Greater Horseshoe bats in Autumn

As autumn approaches, bats are busy eating as much food as possible, this enables them to put on extra body fat see them through the coming winter, when no, or few insects are available. Bats spend less time in the warmer parts of a building, instead they choose to roost in the cooler areas where they lower their body temperature to save energy (called torpor).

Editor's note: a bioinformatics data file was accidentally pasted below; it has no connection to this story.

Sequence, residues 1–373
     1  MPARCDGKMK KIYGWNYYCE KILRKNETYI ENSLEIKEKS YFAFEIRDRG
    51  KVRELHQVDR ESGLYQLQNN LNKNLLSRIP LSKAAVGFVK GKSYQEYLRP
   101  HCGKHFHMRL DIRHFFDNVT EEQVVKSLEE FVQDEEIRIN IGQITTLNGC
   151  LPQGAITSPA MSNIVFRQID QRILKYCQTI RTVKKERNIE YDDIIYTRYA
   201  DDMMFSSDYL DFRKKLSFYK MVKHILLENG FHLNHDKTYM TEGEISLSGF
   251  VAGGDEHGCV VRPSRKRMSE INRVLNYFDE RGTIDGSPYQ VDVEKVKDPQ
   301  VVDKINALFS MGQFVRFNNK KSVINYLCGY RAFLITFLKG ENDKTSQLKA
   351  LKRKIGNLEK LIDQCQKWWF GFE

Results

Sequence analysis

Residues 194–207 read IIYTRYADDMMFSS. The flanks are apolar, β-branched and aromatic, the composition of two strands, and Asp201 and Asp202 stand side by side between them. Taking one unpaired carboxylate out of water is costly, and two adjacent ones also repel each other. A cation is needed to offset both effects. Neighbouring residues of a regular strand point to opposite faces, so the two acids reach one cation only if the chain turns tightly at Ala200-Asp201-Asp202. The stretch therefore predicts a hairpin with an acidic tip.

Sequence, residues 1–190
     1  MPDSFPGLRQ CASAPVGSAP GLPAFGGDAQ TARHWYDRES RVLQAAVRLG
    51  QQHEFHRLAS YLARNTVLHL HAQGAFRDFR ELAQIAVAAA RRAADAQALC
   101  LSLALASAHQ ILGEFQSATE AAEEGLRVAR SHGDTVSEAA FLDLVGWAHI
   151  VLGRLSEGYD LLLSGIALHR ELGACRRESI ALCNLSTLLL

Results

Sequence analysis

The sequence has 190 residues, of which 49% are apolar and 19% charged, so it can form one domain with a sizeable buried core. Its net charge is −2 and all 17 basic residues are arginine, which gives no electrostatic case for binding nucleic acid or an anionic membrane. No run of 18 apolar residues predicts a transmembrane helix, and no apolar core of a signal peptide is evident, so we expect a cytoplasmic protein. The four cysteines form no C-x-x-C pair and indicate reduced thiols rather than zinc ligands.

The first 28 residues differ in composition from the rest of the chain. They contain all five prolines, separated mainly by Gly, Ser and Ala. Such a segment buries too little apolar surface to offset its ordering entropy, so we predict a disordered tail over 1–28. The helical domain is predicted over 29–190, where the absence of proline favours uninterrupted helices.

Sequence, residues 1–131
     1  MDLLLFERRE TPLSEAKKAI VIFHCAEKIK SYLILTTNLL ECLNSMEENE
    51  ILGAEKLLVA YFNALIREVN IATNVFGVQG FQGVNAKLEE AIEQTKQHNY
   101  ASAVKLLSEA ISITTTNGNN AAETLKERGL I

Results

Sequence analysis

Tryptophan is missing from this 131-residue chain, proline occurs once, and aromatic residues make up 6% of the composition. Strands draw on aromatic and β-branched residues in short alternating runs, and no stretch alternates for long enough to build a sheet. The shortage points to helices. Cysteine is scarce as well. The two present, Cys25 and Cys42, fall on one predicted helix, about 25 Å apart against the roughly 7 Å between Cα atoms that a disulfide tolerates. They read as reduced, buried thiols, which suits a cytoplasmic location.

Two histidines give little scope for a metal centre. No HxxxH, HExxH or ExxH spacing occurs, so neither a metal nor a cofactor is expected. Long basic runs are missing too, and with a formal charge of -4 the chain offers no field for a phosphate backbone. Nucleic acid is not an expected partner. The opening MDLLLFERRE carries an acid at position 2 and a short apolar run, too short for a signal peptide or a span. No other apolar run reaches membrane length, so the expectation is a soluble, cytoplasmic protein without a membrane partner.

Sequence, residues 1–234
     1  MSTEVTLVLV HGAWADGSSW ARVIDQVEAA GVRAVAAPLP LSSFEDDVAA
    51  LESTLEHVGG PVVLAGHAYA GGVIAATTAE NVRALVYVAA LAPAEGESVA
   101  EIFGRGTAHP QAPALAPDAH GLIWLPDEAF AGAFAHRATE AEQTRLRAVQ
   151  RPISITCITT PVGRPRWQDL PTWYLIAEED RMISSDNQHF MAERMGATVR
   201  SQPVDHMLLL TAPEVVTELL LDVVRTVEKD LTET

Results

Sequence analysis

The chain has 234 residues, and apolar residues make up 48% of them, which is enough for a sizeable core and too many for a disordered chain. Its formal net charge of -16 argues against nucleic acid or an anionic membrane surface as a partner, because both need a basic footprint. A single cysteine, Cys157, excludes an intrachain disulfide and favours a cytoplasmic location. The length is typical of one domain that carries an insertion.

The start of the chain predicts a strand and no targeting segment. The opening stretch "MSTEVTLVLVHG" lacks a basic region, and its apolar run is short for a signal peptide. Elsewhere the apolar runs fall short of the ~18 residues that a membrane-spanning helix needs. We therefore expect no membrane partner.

By the end of October if it’s cold enough bats will start hibernating, most bats will move into nearby limestone caves that have high humidity and a stable temperature to protect them from frosts.  However, they will wake occasionally, particularly on warm nights to go out to forage. This is a delicate balancing act; flying uses a lot of energy and if few insects are flying they’ll use more energy than they gain.

greater horseshoe bat colony

Share this:
;
National Lottery Funded
Devon Greater Horseshoe Bat Project